This perfection in casting is made complete by the addition of Helena Bonham Carter as the guano loco Marla Singer, and she is my second favorite actress of all time (right behind Anne Hathaway, of course). I mean, she was in Sweeney Todd, Harry Potter, Alice in Wonderland, The King’s Speech, Les Miserables… she’s basically flawless in every way. Although I gotta wonder how Marla was allowed to smoke in all these random places. I know it was the ‘90s, but seriously, she’s smoking, like, all of the time. She starts the film as a crazy lady who starts up a crazy-monkey-sexytimes relationship with Tyler, and by the end, she’s practically normal. She tells Edward that he’s the worst thing that ever happened to her, but in a lot of ways I think they were good for each other. I don’t know if their relationship has long-term potential, but I don’t think it needs to, either; I think they were their own support group for their own diseases, such as they were, and both of them benefited from it in the long run.
I think the main point of Fight Club is freedom, but not in the traditional patriotic sense: it’s about freeing yourself from anything that keeps you from being happy or fulfilled. Tyler thought it was about getting rid of any ties to the world: a home, furniture, even your name, as long as it meant uncovering the kind of person you were meant to be. Edward thought it was about getting to do as he liked without worrying about the consequences, at least until he found out about Project Mayhem, at which point freedom was the ultimate goal in his showdown with Tyler. I don’t really know what Marla thought, though. I think her life was entirely lived in freedom: morally, socially, sexually… but she had demons of her own, and through exposure to Edward’s craziness, she was able to get a handle on her own and free herself from her downward spiral.
That was what stuck with me most. I mean, the fighting was awesome, and one of these days I’d like to try krav maga or something so I can beat the crap out of somebody, because it seems like it would be kind of fun as long as the other person was cool with it. And yeah, the whole Project Mayhem thing was pretty sweet, because we all have that impulse to trash the system and do something insane. And okay, it was utterly unsettling seeing how many people were so dissatisfied with their lives that they were willing to give it up for a shot at fulfillment, because I know there are probably a lot of people who, despite their dependence on what they own, wish their lives didn’t have to be controlled by others.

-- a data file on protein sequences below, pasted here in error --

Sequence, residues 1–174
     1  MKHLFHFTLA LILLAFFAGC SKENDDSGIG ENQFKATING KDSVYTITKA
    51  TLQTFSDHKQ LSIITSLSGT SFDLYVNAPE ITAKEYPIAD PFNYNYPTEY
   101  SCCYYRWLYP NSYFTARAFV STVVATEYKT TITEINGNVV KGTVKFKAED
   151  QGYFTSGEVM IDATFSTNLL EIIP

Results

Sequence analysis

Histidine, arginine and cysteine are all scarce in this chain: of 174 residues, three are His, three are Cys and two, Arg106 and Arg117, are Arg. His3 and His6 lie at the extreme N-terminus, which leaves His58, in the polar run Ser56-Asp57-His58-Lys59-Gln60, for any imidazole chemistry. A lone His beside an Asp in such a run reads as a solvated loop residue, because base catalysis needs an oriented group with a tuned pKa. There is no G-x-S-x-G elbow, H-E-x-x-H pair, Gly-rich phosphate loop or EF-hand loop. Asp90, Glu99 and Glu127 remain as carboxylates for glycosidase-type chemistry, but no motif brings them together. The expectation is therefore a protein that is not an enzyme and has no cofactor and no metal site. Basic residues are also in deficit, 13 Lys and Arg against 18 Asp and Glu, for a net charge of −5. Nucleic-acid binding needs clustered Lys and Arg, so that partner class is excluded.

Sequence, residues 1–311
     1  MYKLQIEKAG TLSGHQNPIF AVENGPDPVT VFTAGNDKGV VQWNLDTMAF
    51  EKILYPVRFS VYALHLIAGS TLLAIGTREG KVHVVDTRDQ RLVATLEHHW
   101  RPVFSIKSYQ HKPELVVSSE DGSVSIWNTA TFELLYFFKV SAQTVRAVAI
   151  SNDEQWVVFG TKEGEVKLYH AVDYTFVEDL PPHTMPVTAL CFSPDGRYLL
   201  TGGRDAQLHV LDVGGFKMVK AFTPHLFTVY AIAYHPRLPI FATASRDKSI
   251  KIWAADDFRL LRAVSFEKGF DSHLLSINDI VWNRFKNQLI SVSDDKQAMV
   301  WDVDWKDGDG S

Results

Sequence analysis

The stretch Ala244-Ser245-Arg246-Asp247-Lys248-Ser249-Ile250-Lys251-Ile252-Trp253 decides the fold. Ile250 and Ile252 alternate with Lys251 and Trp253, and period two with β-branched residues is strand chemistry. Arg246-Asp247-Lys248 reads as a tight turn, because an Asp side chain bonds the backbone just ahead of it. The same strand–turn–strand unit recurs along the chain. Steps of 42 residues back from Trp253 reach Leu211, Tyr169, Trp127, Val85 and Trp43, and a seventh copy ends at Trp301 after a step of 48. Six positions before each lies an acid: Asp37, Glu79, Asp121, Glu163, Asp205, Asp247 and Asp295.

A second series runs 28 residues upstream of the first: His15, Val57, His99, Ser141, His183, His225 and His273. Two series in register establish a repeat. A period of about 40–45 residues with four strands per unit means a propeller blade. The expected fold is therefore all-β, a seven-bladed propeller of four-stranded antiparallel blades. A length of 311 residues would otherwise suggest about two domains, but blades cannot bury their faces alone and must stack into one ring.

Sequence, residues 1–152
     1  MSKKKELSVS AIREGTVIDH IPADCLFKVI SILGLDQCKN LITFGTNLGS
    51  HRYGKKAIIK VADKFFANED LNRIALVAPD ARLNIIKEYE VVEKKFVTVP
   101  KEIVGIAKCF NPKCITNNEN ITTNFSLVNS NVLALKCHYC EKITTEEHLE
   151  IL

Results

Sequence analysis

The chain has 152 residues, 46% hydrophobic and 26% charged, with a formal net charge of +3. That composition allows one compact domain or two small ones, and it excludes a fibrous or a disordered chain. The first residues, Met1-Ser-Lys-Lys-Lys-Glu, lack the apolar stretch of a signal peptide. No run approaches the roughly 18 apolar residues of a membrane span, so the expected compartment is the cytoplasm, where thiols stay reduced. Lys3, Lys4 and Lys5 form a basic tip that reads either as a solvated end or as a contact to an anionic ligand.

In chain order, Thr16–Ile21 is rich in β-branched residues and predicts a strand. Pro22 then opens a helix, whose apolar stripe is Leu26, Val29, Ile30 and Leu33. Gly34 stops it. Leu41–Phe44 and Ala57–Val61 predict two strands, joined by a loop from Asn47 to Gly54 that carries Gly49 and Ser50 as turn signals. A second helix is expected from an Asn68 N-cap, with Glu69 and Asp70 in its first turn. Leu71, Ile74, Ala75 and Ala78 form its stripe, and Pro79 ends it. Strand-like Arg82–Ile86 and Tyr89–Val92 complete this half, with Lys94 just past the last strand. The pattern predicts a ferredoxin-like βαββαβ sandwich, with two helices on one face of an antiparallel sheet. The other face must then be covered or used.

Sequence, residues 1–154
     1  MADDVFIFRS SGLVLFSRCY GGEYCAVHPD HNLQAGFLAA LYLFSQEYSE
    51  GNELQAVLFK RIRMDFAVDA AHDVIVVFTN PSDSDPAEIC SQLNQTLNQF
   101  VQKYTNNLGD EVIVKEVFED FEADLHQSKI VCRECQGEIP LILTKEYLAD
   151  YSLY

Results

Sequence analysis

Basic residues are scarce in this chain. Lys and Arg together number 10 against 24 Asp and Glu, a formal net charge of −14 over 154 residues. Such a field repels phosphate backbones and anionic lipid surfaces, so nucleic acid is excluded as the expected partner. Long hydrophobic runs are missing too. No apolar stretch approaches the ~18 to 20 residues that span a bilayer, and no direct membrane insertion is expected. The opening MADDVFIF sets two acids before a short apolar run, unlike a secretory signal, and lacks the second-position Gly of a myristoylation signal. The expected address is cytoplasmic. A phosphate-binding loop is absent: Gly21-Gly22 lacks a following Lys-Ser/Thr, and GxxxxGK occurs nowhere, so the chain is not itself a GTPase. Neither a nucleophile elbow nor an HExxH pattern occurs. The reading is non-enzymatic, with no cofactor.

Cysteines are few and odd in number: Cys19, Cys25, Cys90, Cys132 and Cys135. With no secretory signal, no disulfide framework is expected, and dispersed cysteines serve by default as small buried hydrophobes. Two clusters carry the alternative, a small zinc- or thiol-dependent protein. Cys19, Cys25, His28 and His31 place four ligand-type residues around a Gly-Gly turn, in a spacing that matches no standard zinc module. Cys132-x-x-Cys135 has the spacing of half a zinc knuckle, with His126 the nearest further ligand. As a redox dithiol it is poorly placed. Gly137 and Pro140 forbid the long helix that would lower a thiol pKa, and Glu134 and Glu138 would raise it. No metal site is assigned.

But over all these things, the image that I can’t get out of my head is Tyler Durden saying, “Hit me as hard as you can.” Because the power of suggestion, of the mind over itself, is so incredibly strong that a man can persuade himself to destroy his life and everything he once held dear if it means even a shot at being happy, at being able to live with himself… no matter how many himselfs are living inside his head.
Final Score: A-
- Even if the movie takes place pre-Cloud, wouldn’t the financial records exist in at least one other location? Seems pretty irresponsible to put all that stuff in one building where a single well-placed explosive charge can wipe everyone’s credit history from existence. Just saying.
- I actually found that knowing about Edward’s dual personality didn’t ruin the movie for me; if anything, it enhanced it. I watched each scene knowing full well how everyone else saw it, which was great, since I didn’t have to go back and watch it again to get the full meaning.
- That being said, I’m not entirely sure what happens at the end. So everyone’s credit history has been wiped and reset to zero… now what? Or is that the point?
- I thought it was absolutely hilarious that all these guys with massive bruising all over their faces meet each other in the real world and just give each other significant nods, like they’re members of a Fisticuffs Illuminati or something. There were a lot of moments like that throughout the film that made me laugh, and that’s something that doesn’t happen often in an action flick, which was very satisfying. That is all.